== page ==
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Opinions: Social Media and Free Speech

Free speech debate on social media

Student on Twitter | Photo by Grace Ramsdell | The Wright State Guardian


Following former President Donald Trump’s ban from Twitter after the Jan. 6 Capitol riots, controversy over free speech and private companies became a top political debate.   

Private companies 

Twitter, along with other social media giants such as Facebook, are private companies. As a private company, banning those who violate company policy is not a violation of the First Amendment. 

“The most prominent free speech protections come from the First Amendment of the Constitution of the United States. But what many people seem to forget is that these protections only protect individuals from federal and state action (the Fourteenth Amendment applies the First Amendment to the states),” Tom Spiggle said in Forbes Magazine. 

As long as Twitter is not discriminating against users, they can set company policy and ban those who violate their terms and conditions.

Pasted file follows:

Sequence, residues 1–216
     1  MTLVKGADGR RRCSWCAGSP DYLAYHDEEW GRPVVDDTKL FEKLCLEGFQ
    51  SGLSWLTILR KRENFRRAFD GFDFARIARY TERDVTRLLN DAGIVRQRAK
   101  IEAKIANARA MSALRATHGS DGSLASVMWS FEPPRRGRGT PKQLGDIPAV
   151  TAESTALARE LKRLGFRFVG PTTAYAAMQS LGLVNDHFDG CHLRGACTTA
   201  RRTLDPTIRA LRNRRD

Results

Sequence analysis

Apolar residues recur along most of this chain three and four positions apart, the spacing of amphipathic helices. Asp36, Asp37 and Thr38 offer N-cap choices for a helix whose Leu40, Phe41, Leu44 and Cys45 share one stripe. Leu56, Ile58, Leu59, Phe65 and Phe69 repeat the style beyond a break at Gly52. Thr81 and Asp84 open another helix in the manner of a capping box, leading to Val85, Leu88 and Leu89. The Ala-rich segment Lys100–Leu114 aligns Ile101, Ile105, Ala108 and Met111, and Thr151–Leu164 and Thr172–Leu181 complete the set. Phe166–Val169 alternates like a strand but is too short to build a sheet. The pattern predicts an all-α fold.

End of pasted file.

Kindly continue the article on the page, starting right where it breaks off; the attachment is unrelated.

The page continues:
“It’s this private versus government action that also allows many employers the right to restrict the free speech rights of their employees,” Spiggle said in Forbes.  

The digital age 

As social media takes hold of the world, a slew of problems appear. One glaring problem is the free speech debate. While Former President Trump was banned legally, it highlighted just how much power tech giants hold. 

The line between tech companies and social responsibility is often blurred. Some have called for regulation of these companies. A ban on a prominent figure or the lack of removal often brings split reactions.  

Wright State University student opinions 

Trevor Paddon, a sophomore computer science major disagreed with the ban.  

“I think they shouldn’t have the power to do it. Whether you disagree with him or not, he was using his right to speak freely, and by banning him they kind of took that away,” Paddon said.  

Paddon shares the sentiment that many Americans share: a controversial statement is fair game because we live in a society protected by the First Amendment.  

Tionna Clyburn, a senior Media Studies major, found the ban to be odd.  

“When it comes to social media sites banning Trump, I honestly find it strange. I am not a fan of Trump in any way at all, but here’s my thing: If they’re going to crack down on Trump, why aren’t they cracking down on all individuals who promote extremist views? Not that they should, but it’s strange you know?” Clyburn said.  

Clyburn thinks that social media companies should have a more proactive approach to hate speech.   

“There needs to be better regulations on social media posts. There needs to be better ways of actually preventing extreme views of racism, homophobia, etc from being perpetrated. We live in a country of free speech, so it’s tricky,” Clyburn said